For 7 months, I have been talking to a man I never met. Supposedly, he is in North Korea and has finished a project over there (contractual engineer on oil rig).

He wants to send me the money he received for the project: $3.5 million. Says he has an account in the US but is having some problems and he can't have it wired there. Wanted my bank information, but I would not give it to him. He wants me to open a new account so he can have it wired there. He also will need money to get home and has bills from his project that will need to be paid. Swears he is an honest, God-fearing man. Says I have nothing to worry about it even though the bank SCB is associated with scams.

Is there no other way for him to access his money without my help?

  • 8
    It's a scam. Walk away. Don't try to figure out the scam. If you want to send him money there are plenty of ways to do that, but you'll never see it again.
    – D Stanley
    Aug 31, 2020 at 19:01
  • 3
    Think about it the other way - why would someone with $3.5 Million trust someone they have never met to deposit it for them?
    – D Stanley
    Aug 31, 2020 at 19:03
  • 2
    Absolutely a scam. Someone with that much money would hire an attorney or accountant to do all of this for him. I'm sorry to hear you've been wasting 7 months of your time with this person.
    – TTT
    Aug 31, 2020 at 19:19
  • 1
    Thank you for confirming what I thought I knew.
    – Sue
    Sep 1, 2020 at 2:12
  • 5
    It's worth adding in this case that, were this a legitimate request, it would cause OP to violate sanctions in place against North Korea and this be highly illegal with severe penalties.
    – Eric
    Sep 2, 2020 at 11:29

2 Answers 2


This is a scam. Stop replying to messages, do not give any information. Use your time for something fun like reading about different scams at Money.SE.

The way this scam works is:

  1. A cover story is given to lure in helpful or greedy people. Traditionally its someplace foreign but not unheard of. North Korea is a new one to me, historically they use Nigeria.
  2. The helpful or greedy mark will either let money be sent to their account or open a new account
  3. The thief will send money to that account from an illicit or stolen account
  4. The money will be available in the marks account
  5. The thief will have the mark send the money somewhere else
  6. The original deposit from step 2 will be caught and undone. The money will disappear from the marks account.
  7. The mark is now out the amount of the bad transfer. The mark may also be the target of legal investigations if they are suspected of being involved in stealing money or laundering money.

This is basically like a deadbeat acquiantance asking you to cash a fake $100 check for them. They'll have your $100 in cash and you'll be out another $100 when the bank figures out the check is fake.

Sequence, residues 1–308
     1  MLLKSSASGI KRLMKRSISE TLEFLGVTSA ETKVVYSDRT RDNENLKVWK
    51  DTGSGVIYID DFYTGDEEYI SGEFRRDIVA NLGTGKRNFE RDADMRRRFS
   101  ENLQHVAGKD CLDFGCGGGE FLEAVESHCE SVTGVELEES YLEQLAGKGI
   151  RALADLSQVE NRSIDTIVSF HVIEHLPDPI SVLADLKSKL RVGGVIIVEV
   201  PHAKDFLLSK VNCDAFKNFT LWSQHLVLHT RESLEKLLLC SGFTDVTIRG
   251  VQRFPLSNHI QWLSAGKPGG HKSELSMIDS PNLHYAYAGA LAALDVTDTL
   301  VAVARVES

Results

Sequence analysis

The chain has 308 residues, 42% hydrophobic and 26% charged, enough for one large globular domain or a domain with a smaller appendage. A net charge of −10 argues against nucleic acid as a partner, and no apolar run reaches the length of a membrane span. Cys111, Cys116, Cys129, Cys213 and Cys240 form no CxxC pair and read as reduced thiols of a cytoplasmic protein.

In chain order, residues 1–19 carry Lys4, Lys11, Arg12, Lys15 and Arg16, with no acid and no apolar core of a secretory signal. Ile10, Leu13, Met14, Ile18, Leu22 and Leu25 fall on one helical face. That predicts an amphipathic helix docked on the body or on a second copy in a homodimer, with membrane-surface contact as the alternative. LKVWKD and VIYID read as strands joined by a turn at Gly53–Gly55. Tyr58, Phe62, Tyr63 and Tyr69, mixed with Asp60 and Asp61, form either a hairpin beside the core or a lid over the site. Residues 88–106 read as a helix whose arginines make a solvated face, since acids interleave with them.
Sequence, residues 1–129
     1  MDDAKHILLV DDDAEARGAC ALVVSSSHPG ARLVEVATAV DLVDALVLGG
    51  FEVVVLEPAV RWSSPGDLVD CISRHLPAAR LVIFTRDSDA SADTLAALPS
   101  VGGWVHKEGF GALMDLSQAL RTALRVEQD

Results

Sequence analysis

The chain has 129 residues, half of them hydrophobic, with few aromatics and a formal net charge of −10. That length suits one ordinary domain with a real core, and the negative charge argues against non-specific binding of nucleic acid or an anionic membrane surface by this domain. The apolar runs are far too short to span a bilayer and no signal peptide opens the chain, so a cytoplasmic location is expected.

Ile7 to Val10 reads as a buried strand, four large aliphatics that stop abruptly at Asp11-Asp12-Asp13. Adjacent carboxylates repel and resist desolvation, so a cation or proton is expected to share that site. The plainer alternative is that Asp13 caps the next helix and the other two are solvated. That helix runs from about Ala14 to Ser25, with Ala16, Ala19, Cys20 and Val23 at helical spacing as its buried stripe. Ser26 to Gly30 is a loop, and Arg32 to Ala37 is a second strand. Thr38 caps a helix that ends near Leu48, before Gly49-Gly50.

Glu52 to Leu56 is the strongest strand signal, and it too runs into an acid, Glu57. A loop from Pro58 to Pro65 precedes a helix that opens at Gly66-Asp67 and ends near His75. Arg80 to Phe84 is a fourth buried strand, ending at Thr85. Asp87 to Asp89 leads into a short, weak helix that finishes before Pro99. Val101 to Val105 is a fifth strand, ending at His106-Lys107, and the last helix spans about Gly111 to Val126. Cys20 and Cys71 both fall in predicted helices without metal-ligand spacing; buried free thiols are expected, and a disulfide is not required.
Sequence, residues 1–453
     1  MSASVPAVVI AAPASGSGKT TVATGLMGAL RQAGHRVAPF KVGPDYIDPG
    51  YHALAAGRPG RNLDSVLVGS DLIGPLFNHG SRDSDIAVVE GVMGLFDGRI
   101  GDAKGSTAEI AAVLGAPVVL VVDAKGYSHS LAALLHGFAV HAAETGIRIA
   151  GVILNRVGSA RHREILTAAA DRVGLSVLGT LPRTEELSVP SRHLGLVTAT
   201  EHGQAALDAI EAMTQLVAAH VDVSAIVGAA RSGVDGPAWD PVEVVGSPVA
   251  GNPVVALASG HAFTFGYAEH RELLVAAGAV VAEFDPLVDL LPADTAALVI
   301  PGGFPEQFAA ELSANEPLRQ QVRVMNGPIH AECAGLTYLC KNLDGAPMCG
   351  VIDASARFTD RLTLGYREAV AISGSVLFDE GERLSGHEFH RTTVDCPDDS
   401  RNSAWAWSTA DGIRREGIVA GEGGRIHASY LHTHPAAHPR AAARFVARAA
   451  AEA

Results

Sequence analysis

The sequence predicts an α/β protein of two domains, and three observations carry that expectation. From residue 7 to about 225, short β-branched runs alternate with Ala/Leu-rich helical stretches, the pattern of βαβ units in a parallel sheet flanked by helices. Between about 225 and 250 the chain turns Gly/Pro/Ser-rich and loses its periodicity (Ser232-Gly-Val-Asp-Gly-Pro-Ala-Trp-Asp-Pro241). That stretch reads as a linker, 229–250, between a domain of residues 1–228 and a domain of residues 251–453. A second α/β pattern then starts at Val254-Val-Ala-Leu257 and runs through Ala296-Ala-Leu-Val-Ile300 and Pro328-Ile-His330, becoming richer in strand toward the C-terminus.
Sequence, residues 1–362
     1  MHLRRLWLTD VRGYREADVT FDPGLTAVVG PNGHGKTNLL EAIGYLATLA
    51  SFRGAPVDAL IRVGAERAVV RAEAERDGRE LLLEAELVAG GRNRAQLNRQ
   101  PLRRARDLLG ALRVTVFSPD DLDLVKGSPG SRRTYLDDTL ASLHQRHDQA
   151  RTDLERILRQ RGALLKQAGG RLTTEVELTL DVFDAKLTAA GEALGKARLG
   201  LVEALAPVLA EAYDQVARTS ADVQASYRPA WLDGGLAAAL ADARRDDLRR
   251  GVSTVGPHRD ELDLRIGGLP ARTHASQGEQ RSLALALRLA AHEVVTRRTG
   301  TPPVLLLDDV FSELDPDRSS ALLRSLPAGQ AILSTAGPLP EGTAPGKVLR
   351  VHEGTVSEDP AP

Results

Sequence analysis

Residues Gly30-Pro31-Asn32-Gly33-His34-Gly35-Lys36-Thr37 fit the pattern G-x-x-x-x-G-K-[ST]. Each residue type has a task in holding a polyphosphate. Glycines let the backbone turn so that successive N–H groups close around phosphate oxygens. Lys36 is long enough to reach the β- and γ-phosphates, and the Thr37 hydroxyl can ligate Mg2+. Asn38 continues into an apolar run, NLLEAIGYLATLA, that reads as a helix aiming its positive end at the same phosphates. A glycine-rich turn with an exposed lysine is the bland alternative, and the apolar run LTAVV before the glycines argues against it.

• 1
    I just want to add a caution that it might actually be a different scam. There are quite a few scams that start out this way. So don't think that if you protect yourself from this particular scam, you have nothing to worry about. Sep 3, 2020 at 16:00
  • 2
    @DavidSchwartz that's a good point. I could see someone thinking, "Ahah! I'll open up a brand new account with no money in it. I'll give this nice man the info so he can deposit money, but after the money shows up I won't give any back to him, for, say, 60 days until I know for sure the money has cleared." Meanwhile, their identity gets stolen or their other accounts at the same bank suddenly get emptied through social engineering, or they get questioned by police for theft.
    – TTT
    Sep 3, 2020 at 17:02

This has all the red flags:
(1) Person you don't know well and has no reason to reach out to you specifically.
(2) Wants your bank information
(3) Multi-Million dollar deals are not brokered with random internet people.
(4) Invokes religion to show you how trustworthy he is. Because a heathen liar would never lie about being religious. right?
(5) YOU STRAIGHT OUT SAID the bank involved is known for being part of scams
(6) Why wouldn't HE just open a new bank account and wire it there instead of asking you to do so?

Answer Key: The answer to quesitons 1,2,3,4,5,6 are "It's a scam"

Is there even one detail that points to it not being a scam?

Think about it this way. If you were this person and every fact they told you was true, would you email a random Internet person and trust them with millions of dollars? Don't you think you could a lawyer or banker to do this transaction for you instead of some random person? How are you such a successful businessperson with no trusted connections in business that can move money around?

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